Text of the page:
They speculated the data might be skewed because Project Trevor used what’s known as “snowball sampling,” a search technique that involves casting a wide net and hoping that the intended target study answers.
According to Windmeyer, this method is necessary for interviewing LGBTQ+ people — there is no good way to contact only people who identify as LGBTQ+, they said — but it can lead to inflated results.
“It’s an ongoing challenge that we have, because sometimes when you ask questions, you’re going to [only] get the people who want to share, which can skew the results one way or another,” they said. Inside Higher Education in an interview.
Price, of the Trevor Project, acknowledged that the methodology can have its shortcomings, but said the results still have merit.
“All research carries the potential for bias, not just from the participants in a study, but also from things like the framing of questions or the dissemination of research,” they said. “While there are ways to mitigate bias, there is no way to completely remove it from research. It is just as likely that we have an oversample of students who have negative experiences on campus. and who use online communities to affirm and support themselves. There is no way to offset the positive on-campus experiences of students in this analysis, as that is precisely what we are exploring. Different evaluations of the LGBTQ acceptance may generate different approval ratings and cannot be compared one-to-one.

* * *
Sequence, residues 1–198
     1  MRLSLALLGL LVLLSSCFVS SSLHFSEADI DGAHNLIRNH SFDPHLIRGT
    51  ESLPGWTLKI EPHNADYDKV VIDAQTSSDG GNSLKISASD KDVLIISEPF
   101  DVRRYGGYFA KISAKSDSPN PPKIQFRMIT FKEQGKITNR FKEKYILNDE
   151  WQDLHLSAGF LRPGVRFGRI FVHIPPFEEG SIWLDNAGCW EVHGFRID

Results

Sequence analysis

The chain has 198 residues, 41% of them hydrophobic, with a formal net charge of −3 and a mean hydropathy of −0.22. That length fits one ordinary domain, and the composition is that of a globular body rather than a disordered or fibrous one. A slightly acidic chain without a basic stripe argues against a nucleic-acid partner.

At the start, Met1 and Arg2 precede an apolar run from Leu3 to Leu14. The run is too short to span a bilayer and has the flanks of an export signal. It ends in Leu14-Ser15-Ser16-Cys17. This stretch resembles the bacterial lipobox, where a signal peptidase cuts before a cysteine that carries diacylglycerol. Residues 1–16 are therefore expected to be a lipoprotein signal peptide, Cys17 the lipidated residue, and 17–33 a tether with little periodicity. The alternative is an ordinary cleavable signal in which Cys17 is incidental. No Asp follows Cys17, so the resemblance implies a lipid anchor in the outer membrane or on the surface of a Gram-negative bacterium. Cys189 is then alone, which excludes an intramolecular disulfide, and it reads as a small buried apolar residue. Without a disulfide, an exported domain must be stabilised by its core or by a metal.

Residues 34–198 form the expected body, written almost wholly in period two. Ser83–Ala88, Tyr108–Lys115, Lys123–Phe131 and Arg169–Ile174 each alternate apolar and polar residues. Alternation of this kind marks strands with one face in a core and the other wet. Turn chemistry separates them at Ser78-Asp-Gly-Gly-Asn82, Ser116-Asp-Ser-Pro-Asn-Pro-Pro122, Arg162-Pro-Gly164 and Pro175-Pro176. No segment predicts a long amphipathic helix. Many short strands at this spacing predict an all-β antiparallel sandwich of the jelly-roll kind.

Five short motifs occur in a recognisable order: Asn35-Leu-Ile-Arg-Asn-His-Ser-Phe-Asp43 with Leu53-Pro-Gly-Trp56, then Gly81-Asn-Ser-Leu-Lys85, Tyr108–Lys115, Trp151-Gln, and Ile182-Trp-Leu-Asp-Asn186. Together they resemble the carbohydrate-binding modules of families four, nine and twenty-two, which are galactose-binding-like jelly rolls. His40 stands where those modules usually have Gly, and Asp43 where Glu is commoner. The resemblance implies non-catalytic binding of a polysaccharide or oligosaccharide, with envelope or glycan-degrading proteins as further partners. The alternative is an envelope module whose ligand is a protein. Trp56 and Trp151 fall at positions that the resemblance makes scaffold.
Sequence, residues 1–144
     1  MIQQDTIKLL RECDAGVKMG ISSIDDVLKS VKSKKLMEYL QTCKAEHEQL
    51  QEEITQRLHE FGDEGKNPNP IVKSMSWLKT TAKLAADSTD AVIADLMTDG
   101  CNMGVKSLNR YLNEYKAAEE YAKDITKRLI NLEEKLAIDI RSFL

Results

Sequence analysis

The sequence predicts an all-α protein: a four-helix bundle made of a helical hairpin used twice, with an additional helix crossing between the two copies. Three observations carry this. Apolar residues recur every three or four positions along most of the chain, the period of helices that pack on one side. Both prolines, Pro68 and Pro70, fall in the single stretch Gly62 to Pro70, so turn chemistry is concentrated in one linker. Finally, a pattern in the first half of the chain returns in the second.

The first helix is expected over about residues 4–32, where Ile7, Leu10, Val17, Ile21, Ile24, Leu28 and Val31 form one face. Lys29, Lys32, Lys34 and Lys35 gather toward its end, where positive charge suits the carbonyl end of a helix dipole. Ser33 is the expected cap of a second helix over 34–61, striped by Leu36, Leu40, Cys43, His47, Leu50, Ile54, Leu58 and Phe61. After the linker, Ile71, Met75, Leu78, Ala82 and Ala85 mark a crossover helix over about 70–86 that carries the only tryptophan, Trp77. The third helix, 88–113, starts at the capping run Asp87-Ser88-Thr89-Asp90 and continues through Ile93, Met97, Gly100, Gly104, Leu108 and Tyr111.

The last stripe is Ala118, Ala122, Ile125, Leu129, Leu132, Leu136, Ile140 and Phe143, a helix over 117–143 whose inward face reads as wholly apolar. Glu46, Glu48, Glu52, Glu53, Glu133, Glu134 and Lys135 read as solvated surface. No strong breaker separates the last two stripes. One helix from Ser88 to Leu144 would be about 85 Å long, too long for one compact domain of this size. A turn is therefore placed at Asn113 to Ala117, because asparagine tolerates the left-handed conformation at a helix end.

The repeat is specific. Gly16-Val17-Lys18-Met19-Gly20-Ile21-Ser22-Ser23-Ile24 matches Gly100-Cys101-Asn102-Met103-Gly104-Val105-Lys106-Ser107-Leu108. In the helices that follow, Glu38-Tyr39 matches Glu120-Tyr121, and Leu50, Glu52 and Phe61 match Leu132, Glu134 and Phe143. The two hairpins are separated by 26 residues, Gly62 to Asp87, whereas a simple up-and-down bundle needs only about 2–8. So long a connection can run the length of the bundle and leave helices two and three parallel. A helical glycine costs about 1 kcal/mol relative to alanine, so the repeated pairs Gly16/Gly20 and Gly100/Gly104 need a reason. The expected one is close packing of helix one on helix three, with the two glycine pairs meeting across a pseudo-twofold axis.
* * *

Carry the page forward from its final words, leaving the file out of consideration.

Overall, Windmeyer agreed the survey was helpful, particularly as a clear call for administrators to start or continue investing in LGBTQ+ student supports.
“Campuses that take responsibility, have support services for LGBTQ students, students there are not at such a high risk of suicidality and other forms of depression,” they said. “They will be able to get better grades; they will be able to succeed academically if they get this support.
The National Suicide Prevention Lifeline is a free, confidential 24/7 service that can provide people in suicidal crisis or emotional distress, or those around them, with local support, information and resources. Dial 988 for assistance.